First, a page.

The following post is excerpted from the script for Nullify: Season 1. Watch all the videos from this series at this link – and Become a member here to support the TAC.

In 1798, Thomas Jefferson wrote that nullification was “the rightful remedy” for federal acts outside the constitution. But what did that mean? And how do you nullify?

When Thomas Jefferson told us that “every state has a natural right” to nullify federal acts outside the constitution, he didn’t say how to do it. In fact, even though a few decades later, some of his most prominent supporters claimed to base their own nullification process on his advice, he never in his life actually gave us step-by-step nullification instructions.

So is Jeffersonian nullification just an abstract philosophical concept? Did he leave us totally in the dark?

Well, he did leave a pretty serious clue about how to nullify in his draft of the Kentucky Resolutions of 1798. In response to the hated Alien and Sedition Acts, he called on each state to:

take measures of its own for providing that neither these acts, nor any others of the General Government not plainly and intentionally authorized by the Constitution, shall be exercised within their respective territories.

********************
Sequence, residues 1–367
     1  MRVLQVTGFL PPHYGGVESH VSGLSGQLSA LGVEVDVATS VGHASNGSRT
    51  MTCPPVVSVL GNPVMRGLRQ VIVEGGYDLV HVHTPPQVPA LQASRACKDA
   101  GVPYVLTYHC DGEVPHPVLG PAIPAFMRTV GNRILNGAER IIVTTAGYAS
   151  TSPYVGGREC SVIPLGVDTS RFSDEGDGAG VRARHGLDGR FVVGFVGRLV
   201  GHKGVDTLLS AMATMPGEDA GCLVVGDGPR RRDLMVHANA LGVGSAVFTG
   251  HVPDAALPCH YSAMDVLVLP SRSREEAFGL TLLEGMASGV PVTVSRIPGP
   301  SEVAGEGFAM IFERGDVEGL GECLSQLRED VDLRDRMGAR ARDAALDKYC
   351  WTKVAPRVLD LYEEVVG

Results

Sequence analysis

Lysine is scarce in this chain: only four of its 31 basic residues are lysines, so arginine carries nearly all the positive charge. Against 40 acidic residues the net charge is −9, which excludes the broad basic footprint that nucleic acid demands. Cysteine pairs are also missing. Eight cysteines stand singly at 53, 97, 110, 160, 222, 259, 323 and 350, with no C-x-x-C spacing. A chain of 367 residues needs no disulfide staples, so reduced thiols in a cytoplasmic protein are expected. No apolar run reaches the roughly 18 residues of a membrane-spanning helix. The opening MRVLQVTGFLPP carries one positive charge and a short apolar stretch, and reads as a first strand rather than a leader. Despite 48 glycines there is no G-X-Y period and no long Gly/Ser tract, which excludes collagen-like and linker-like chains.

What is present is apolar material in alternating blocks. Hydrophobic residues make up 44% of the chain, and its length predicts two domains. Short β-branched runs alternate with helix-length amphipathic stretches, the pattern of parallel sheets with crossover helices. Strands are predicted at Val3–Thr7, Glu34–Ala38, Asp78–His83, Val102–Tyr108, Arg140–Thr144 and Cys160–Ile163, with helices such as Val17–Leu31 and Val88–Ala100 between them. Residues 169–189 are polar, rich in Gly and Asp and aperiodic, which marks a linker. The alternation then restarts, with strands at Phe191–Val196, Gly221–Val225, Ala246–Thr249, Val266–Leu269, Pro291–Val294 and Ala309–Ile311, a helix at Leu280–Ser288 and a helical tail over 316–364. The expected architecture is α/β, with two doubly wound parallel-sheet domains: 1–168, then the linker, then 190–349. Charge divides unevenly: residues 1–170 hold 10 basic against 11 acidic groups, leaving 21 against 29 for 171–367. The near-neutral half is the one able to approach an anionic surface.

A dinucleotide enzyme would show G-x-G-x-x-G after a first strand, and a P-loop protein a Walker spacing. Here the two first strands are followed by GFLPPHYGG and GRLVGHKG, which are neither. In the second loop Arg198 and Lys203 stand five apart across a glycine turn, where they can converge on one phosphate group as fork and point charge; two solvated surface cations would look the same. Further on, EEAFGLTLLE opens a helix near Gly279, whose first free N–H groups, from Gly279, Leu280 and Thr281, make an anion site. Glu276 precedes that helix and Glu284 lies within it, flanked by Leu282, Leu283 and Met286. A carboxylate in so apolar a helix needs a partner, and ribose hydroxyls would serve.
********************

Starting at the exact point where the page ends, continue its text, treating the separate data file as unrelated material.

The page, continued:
In short, Jefferson advised a whatever-it-takes approach with nullification. Part of that approach involved smart strategy. In a letter to James Madison, he advised against just pushing the issue to the extreme. Instead, he suggested they “push as far as events will render prudent.”

Think of it this way.

If your neighbor blocks your driveway with his car, you’re probably not going to walk over to his place and punch him in the mouth as your first response.  Trust me, you shouldn’t even if you want to.

In life, situations have to be addressed individually, and the response must be appropriate to be successful. Taking things too far might put you in a place where you’ll never be able to get the job done. Sometimes you have to be tough and strong, and other times you have to be smart and savvy.

That’s exactly what Thomas Jefferson advised for nullification.

While supporting nullification as “the rightful remedy,” Thomas Jefferson told us the goal is to prevent federal enforcement, but that each issue must be addressed in a manner that’s effective for the situation.

Michael Boldin

The 10th Amendment

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